When sweet corn goes on sale in August at 6-8/$1, I reserve an afternoon to grill some corn and freeze it for winter months. Preheat the grill on high while shucking the corn. Lower the heat to medium and grill each cob for 2 minutes per side for a total of eight minutes. (Adjust time for your grill). Remove to a large, glass baking dish or two and cover with plastic wrap. Let cool to room temperature and use a sharp knife to slice off the kernels. Place in plastic bags and freeze, or better yet, freeze the kernels on baking sheets, then place in plastic bags. Yeah, it is an afternoon project, but the taste of roasted corn throughout the winter is worth it.

The author did, at least, discern the "best method" -- Grilled in Husks. Unfortunately, the corn was grilled twice as long as necessary (overcooked). I am surprised it turned out as well as described. I go to the trouble of peeling back the husks like a banana, removing as much silk as possible, then pushing the husks back in place. Soak the corn underwater in the kitchen sink for at least 15 minutes, then grill as above. For extra flavor, combine softened butter with salt, chili powder and oregano. Apply the seasoned butter to the corn before pushing back the husks. Skip the soaking step. THAT is the clear winner in my book.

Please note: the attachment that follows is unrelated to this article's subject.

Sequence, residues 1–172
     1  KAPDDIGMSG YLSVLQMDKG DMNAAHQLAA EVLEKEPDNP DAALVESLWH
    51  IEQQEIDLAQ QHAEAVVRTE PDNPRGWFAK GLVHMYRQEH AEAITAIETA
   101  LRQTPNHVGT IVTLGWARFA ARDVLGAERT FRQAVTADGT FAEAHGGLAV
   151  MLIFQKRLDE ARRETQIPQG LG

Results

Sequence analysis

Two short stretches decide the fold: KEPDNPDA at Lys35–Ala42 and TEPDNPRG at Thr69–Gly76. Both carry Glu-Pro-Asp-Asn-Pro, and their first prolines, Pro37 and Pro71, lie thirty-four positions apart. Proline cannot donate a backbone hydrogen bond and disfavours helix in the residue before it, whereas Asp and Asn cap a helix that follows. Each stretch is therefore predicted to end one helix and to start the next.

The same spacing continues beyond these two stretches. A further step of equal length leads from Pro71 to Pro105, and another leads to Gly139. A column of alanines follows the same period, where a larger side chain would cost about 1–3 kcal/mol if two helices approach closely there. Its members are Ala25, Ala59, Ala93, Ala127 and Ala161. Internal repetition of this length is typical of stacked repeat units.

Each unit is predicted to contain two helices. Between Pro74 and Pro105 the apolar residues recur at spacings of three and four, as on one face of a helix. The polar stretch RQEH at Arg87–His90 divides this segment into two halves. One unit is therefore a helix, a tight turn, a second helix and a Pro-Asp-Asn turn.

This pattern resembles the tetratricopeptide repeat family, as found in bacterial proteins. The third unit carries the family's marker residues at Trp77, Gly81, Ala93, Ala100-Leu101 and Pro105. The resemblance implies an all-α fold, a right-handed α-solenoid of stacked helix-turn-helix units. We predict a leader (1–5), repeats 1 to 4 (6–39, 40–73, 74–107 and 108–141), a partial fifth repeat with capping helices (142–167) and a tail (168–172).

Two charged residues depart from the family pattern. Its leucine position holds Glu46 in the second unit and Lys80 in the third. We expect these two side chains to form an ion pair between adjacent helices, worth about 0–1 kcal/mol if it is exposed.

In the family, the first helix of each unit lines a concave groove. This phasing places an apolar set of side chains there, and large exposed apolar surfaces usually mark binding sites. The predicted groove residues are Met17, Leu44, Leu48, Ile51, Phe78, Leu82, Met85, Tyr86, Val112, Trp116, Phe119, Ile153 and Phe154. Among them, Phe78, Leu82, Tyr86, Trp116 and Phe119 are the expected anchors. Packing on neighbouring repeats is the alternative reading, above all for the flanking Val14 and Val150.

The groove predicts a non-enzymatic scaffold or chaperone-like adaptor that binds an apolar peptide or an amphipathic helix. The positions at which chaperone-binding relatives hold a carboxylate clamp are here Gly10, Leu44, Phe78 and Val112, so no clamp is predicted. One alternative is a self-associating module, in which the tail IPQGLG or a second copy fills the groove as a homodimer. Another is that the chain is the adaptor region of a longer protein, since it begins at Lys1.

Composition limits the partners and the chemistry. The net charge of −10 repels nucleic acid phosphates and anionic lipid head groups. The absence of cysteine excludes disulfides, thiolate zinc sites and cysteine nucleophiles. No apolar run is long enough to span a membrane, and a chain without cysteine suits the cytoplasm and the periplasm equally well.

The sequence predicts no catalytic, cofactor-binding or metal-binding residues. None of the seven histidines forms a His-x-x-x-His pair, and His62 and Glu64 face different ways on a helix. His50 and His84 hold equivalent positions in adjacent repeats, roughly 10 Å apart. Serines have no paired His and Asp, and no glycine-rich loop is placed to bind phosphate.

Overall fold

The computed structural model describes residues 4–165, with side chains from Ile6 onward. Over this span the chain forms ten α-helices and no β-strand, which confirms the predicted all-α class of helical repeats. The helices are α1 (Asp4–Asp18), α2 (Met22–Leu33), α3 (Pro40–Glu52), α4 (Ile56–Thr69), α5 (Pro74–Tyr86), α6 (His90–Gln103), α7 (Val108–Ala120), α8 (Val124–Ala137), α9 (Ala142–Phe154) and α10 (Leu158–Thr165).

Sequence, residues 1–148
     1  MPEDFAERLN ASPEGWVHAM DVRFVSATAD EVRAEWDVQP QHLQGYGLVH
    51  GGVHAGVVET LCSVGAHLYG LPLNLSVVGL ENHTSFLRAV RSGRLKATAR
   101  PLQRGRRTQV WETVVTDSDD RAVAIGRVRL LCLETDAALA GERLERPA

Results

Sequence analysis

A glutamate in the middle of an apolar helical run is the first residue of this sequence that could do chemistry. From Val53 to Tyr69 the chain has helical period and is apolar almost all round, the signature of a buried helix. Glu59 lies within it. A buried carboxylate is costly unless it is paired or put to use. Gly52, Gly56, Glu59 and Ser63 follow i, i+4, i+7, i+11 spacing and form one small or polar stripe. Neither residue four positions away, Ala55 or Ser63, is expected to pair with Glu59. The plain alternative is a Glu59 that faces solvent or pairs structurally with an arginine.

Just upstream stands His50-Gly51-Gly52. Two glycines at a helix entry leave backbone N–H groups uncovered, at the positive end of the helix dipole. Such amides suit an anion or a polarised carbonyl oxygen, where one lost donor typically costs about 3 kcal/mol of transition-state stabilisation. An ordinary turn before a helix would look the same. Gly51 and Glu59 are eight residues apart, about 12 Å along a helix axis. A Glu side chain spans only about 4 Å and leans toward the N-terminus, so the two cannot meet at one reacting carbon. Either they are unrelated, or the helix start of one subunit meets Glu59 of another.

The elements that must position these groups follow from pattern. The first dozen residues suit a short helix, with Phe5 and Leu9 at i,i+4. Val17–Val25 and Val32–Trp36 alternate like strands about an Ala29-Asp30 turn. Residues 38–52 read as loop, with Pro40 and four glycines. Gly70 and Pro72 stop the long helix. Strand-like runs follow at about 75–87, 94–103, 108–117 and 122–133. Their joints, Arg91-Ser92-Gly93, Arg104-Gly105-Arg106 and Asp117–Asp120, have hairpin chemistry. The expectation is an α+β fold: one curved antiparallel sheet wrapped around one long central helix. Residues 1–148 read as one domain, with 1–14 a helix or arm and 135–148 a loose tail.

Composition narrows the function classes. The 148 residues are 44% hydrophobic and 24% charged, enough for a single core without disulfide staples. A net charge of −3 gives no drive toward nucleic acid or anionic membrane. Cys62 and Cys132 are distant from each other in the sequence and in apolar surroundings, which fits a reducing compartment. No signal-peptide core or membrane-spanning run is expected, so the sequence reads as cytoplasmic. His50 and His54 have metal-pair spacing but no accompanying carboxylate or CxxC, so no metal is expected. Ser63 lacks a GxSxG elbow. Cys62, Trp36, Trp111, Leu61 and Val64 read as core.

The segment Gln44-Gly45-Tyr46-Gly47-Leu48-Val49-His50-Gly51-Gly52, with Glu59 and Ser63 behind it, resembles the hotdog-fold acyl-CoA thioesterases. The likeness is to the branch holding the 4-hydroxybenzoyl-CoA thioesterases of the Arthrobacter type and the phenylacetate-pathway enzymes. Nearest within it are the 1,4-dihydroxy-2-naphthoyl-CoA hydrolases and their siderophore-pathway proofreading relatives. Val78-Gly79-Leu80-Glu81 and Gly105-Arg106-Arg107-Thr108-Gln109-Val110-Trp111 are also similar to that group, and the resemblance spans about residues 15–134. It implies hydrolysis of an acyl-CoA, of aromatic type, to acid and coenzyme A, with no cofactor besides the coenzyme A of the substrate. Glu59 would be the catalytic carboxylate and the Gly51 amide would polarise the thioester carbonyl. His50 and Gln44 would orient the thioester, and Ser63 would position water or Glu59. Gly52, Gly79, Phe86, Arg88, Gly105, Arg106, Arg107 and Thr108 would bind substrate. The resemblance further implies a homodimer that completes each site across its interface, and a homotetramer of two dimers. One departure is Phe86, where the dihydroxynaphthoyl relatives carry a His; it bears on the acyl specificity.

geoand

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My favorite way to eat corn on the cob was taught to me by boyhood friend. I prefer my corn on the cob raw. Best if picked from field & eaten on the spot. SWEET
 

PigsDad